Equity markets erased early morning gains, notably the Nasdaq being unchanged by lunchtime after a 0.6% rally. Traders cheered better than expected inflation data and less weakness than expected in a consumer sentiment survey. Bond yields fell marginally. The dollar was unchanged. Oil saw continued profit-taking.
TODAY’S MAJOR NEWS
Core consumer inflation falls, but is it enough for the Fed?
The core Personal consumption expenditures (PCE) price index excluding food and energy is often call the Fed’s favorite inflation – this morning’s data was better than expected. This prompted an early bullish mood on Wall Street. Core inflation stripping out higher energy prices is continuing to cool. Yet at an annual 3.9% rate it’s still twice the mandated 2% level.
Central bankers face a dilemma: will the rate of inflation keep declining, notably as higher oil prices permeate throughout the economy?; and, will it continue to move in the right direction if consumer’s perceive that rates are about to fall? Throw in the economic impact of a government shutdown, the UAW labor strike and rapidly expanding national debt pushing interest rates higher and there are no simple answers. Hence the Fed’s new mantra, that rates will still ‘higher for longer’ until inflation is back at 2%.
- The core PCE price index excluding food and energy rose 3.9% year-on-year in August, matching analyst expectations, down from the 4.2% seen in July
- The core PCE price index rose just 0.1% month-on-month in August, less than 0.2% seen last month
- The headline PCE price index rose 3.5% year-on-year in August, matching analyst expectations, but up from 3.3% in July
- Headline PCE price rose 0.4% month-on-month in August as gasoline prices surged, above 0.2% last month
- Personal income rose 0.4% month-on-month in August, matching analyst expectations, up from the 0.2% gains seen in July
- Personal consumption expenditures were also up 0.4% month-on-month in August, notably slower growth than the 0.9% growth seen last month
Consumer sentiment weakening over the summer
Today's modestly better University of Michigan consumer sentiment survey data, down less than expected, contradicted Tuesday’s Conference Board report. That report showed more strength in the current conditions, while the outlook deteriorated; this survey showed the opposite, which may be a product of survey timing. Consumers in the Michigan survey commented on the uncertainties of a possible government shutdown, as well as the UAW strike, weighing on their longer-term outlook.
- Consumer sentiment firmed from its mid-month preliminary data, posting a 68.1 for September, up from the preliminary reading of 67.7
- That’s still down from 69.5 in August, but notably higher than the 58.6 registered a year ago.
- The current economic conditions index for September came in at 71.4, down from 75.7 in August, but up from 59.7 the previous year
- The index of consumer expectations rose to 66.0, up slightly from 65.5 the previous month, and up from 58.0 the previous year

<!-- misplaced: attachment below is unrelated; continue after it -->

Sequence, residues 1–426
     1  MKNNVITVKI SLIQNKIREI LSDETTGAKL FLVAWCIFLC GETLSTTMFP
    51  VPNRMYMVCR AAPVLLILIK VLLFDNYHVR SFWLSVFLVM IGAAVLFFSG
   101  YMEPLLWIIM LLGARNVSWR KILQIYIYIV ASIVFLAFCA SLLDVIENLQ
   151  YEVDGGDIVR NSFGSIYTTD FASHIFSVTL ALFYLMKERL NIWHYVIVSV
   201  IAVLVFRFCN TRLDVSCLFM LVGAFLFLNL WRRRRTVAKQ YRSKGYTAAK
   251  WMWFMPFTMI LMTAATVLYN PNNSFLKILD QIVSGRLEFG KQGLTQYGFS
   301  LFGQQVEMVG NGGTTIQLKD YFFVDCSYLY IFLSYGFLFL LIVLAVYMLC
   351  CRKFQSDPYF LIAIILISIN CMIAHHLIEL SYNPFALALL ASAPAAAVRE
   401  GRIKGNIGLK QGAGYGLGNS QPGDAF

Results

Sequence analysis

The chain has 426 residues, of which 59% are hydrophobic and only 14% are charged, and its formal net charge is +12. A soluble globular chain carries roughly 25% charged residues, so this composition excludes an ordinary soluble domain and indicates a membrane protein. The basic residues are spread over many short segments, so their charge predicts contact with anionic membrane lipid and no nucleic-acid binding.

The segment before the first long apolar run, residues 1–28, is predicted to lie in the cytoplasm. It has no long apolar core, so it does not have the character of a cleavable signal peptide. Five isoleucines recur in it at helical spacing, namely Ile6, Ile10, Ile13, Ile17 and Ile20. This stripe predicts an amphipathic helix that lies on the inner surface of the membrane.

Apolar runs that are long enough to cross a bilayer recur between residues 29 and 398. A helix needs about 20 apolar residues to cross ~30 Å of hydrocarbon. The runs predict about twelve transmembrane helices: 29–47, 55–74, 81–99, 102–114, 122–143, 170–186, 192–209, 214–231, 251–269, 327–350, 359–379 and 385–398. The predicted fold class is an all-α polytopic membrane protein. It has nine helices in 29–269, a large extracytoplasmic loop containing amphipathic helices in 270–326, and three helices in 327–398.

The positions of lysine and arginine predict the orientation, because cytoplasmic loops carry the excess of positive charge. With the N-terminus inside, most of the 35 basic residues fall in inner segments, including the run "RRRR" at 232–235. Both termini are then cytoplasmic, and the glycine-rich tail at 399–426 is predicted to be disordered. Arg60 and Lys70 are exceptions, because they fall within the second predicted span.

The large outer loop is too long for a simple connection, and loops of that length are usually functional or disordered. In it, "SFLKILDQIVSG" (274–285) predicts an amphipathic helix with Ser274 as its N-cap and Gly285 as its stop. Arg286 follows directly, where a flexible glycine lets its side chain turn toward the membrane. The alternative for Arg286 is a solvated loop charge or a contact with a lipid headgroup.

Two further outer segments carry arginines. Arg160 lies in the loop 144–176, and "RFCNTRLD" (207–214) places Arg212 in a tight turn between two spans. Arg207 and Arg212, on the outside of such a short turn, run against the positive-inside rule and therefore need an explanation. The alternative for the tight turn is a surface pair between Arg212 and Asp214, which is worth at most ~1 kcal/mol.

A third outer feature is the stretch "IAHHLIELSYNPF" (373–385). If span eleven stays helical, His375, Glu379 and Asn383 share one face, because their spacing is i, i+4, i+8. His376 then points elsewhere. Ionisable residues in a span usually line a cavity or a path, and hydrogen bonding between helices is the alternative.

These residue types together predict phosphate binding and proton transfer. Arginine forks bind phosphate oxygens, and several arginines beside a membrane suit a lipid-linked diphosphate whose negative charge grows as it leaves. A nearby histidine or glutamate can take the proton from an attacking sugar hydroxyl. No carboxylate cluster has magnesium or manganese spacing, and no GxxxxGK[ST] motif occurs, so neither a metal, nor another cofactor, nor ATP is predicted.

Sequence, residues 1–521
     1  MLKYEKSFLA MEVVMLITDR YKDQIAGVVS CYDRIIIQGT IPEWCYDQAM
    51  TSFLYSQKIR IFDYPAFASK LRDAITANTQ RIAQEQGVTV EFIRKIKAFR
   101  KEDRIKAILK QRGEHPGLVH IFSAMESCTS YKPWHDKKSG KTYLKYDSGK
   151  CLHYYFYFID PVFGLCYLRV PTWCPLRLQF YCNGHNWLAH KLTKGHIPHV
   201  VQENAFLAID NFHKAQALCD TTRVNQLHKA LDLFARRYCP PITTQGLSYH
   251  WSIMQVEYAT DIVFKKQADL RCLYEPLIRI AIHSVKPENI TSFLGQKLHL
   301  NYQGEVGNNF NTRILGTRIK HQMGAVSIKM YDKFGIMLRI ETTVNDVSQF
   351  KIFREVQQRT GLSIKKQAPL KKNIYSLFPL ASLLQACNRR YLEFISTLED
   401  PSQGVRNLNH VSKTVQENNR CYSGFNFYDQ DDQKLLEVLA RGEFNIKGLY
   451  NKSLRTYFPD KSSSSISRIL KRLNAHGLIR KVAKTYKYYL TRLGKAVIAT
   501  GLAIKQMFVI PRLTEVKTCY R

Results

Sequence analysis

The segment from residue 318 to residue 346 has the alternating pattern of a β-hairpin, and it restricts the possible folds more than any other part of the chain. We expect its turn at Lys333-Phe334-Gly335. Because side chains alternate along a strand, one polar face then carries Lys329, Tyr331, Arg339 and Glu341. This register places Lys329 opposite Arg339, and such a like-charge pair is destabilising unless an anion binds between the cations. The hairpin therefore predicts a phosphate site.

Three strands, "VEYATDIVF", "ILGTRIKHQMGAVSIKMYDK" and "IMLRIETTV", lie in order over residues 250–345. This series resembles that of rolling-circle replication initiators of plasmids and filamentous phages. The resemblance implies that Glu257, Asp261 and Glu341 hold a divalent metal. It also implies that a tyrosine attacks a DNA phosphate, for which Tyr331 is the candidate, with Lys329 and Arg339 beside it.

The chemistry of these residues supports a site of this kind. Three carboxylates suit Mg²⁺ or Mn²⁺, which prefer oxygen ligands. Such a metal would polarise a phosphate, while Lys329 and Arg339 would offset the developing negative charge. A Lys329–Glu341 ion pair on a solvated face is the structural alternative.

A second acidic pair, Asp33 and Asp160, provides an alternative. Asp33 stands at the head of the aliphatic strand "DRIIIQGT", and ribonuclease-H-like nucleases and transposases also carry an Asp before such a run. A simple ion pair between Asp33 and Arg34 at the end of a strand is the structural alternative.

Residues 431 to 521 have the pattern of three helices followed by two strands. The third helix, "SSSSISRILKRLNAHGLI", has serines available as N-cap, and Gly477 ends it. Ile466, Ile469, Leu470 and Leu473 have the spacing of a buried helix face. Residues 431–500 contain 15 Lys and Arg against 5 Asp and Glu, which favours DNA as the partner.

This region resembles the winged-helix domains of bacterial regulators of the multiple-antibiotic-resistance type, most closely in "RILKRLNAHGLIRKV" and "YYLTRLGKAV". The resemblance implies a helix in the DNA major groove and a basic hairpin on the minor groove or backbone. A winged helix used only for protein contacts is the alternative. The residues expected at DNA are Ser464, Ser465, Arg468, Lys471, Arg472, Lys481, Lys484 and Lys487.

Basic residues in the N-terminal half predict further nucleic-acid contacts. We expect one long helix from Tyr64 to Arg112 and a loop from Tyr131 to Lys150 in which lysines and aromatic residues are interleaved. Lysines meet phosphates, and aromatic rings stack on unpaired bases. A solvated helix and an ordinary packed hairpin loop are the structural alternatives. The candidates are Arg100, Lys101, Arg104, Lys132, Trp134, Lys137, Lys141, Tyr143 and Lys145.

The ‘partial’ government shutdown could bring greater market volatility
A partial government shutdown appears imminent. The House of Representatives is working on twelve appropriation bills to fund the government – the proper way to do things – providing transparency to a fiscal budget process. However, House leadership started the process too late and there is no way that all 12 bills can pass the House and Senate. Short-term stopgap funding bills are being considered to keep the government open, but they can’t be agreed.
As such, a partial shutdown is expected. Government workers will be without paychecks, another drag on the economy. Essential services will continue, but not the regular provision of economic data – leading to uncertainty and increased market volatility. Eventually a deal will be agreed and life will return to normal (as it always does), hopefully before a credit rating agency uses the dysfunction to downgrade US sovereign debt.
Bigger wheat crop
The US Department of Agriculture (USDA) surprised grain markets in today’s report, showing a bigger wheat crop than expected, larger soybean stocks, and smaller corn stocks. It started by cutting the size of last year's corn and soybean crops by 15 million and 6 million bushels respectively. This year's all-wheat crop came in at 1.812 billion bushels, up 89 million bushels above the August report, with increases in nearly class except white winter wheat.
TODAY’S MAJOR MARKETS
Nasdaq-led ally fizzles out
- Equity markets fell back sharply after a morning rally sparked by today’s inflation news, led by a 0.6% fall in the Nasdaq, 0.5% in the S$P 500 while the Russell 2000 was unchanged
- Foreign markets also were mixed, with the Nikkei 225 and FTSE 100 unchanged, while the Dax was up 0.4%
- The VIX, Wall Street’s fear index, was unchanged at 17.3 on the day
Dollar flat, bond yields edge down
- 10-year yields traded down to 4.56% and 2-year yields fell back to 5.05%
- The dollar index was unchanged at 106.6
- Versus the dollar, Sterling, Euro and the Yen were all unchanged
Oil land gold weak
- Crude oil prices fell 0.7% to 91.1 per barrel on profit-taking
- Spot gold prices fell 0.4% to $1,872 per ounce, while silver fell 1.4% to $22.4 per ounce
- Grain and oilseed markets were mostly mixed ahead of today’s big USDA crop reports
Analysis by Arlan Suderman, Chief Commodities Economist: [email protected]
Market outlook by Paul Walton, Financial Writer: [email protected]